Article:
Are You at Risk of Developing DVT?

If you haven’t heard of DVT, it’s time you learn about it. Why? Because anyone, young or old and from any walk of life, can experience DVT. Deep vein thrombosis is a blood clot that forms in a vein located deep in your muscle tissue. Most cases of DVT occur in the leg, but they can also occur in either arm. Since a huge portion of the American labor force works a desk job, and/or lives a sedentary lifestyle, DVT is a constant risk.

But DVT is more serious than just having a clot form in one of your veins, although that’s bad enough. The major complication occurs when the clot breaks loose — it can travel through your bloodstream and become lodged in your lungs, blocking the blood flow there. This is known as a pulmonary embolism, and it is a life-threatening condition.

Fortunately, DVT is preventable, and if you’re living with DVT, it’s treatable and possibly curable. Our caring, passionate team of board-certified and fellowship-trained vascular surgeons are specialized in this disorder. Together, we help you to identify your own risk factors, as well as offer testing and treatment options. Keeping North Atlanta healthy and active is our goal at North Atlanta Vascular Clinic, so we want you to have all the information you need about this condition and its risk factors.

Why should I worry about DVT?

As we mentioned above, deep vein thrombosis isn’t a condition that’s restricted to one group of people or one particular lifestyle, and it carries with it the potential of causing great harm. There are around a dozen different risk factors for DVT, and some of them are pre-existing conditions


While DVT doesn’t discriminate based on age, you are at elevated risk of developing a clot if you’re age 60 or over.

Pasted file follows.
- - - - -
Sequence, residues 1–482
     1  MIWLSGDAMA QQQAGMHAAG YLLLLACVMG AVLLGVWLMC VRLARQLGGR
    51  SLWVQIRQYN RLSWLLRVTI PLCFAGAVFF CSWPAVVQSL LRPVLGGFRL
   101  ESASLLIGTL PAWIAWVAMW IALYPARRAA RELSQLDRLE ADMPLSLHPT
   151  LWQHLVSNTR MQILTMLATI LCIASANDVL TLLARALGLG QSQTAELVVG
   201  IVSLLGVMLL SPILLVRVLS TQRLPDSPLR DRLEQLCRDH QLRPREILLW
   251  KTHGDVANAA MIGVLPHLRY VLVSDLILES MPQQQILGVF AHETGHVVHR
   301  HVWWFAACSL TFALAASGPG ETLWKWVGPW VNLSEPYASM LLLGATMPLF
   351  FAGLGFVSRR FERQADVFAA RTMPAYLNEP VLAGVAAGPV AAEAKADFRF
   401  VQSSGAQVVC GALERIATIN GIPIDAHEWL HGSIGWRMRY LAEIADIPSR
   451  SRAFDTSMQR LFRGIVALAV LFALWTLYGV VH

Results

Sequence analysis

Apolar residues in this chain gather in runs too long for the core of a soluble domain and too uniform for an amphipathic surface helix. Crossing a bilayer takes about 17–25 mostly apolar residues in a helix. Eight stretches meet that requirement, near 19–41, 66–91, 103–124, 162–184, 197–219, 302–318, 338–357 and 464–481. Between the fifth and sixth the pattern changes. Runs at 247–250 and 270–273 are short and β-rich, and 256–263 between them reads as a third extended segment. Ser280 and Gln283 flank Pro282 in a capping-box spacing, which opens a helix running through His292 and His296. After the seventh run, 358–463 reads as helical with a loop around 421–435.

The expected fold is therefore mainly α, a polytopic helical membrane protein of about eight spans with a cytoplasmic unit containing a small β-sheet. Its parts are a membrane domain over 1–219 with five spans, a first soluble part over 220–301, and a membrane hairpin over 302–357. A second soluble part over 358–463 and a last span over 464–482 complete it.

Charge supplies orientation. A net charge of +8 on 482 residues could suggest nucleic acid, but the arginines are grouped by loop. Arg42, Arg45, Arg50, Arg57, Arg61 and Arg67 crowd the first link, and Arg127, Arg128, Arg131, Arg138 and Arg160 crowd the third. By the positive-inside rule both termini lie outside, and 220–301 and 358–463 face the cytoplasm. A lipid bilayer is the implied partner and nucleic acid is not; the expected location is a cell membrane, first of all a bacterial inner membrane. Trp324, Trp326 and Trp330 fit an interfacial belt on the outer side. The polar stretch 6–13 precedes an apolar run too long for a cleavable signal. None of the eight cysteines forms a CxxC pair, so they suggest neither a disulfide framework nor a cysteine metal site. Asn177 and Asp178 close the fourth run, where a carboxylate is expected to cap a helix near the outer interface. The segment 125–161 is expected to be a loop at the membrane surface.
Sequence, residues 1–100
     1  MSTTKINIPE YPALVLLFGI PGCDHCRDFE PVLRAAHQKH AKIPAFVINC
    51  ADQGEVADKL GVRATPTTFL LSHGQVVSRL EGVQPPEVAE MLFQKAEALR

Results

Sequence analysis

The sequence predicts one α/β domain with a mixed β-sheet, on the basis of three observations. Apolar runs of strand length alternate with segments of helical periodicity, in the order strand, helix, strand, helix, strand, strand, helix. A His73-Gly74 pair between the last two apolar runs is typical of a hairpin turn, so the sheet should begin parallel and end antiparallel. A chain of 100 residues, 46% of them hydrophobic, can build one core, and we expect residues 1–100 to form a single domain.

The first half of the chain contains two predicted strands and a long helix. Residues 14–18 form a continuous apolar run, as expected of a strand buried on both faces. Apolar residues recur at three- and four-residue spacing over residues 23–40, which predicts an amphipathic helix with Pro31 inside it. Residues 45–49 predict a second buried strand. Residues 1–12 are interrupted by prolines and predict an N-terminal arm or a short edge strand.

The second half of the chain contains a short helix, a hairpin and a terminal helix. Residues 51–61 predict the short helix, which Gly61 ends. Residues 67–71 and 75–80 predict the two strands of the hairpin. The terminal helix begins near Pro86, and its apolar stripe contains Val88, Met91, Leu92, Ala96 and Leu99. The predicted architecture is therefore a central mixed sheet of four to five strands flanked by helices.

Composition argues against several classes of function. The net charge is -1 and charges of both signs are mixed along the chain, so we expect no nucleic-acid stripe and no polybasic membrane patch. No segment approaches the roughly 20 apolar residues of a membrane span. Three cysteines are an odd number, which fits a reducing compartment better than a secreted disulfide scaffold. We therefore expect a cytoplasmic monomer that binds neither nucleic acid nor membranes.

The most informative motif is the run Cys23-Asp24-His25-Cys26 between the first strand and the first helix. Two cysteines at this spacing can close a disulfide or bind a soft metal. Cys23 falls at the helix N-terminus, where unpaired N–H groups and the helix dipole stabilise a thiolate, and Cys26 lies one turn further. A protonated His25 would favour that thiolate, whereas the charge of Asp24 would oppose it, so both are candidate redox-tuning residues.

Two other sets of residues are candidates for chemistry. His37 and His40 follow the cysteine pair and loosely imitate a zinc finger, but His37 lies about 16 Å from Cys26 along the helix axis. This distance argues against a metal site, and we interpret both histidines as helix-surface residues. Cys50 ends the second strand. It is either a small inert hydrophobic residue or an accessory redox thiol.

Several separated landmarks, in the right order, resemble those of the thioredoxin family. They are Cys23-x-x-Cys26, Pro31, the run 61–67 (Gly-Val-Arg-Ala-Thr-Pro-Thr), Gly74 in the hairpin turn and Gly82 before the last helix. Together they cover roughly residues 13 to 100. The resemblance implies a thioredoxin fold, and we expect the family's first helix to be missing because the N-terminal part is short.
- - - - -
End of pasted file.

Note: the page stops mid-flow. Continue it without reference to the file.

While DVT affects women and men at about the same rate, it is of particular concern to pregnant women. The elevated hormones that come with pregnancy raise the chances of developing DVT. With a growing baby steadily increasing pressure on the veins in the mother’s legs, blood clots become more likely.

Just as hormones elevated by pregnancy can directly contribute to your risk of developing DVT, so can hormone replacement therapy. Several types of hormone replacement therapies use estrogen, which chemically affects blood clotting. 

Family History

Whether it’s DVT or another blood clotting disorder, if someone in your family has this condition, it increases your chances of developing DVT as well. As with every heredity condition, make sure to tell us if DVT is part of your family medical history. 


Just like pregnancy, extra weight on your body puts extra weight on the veins in your legs and can lead to sluggish blood flow and clotting. 

Lack of Activity

DVT is far from the only medical condition that can be caused or exacerbated by a sedentary lifestyle. Atlanta is a hotbed of rich, delicious Southern cuisine, but it often falls short when it comes to fitness. Keeping your blood flowing with regular exercise and a healthy, high-fiber diet is essential for the prevention of DVT and other health problems like heart disease and diabetes.

If you have any of these risk factors, say something

DVT can develop without symptoms, but if you have them, you’ll likely notice red or discolored skin on your leg, pain, and/or unexplained warmth on one spot. Don’t ignore the signs. Give us a call at one of our locations, or schedule an appointment with us online today.

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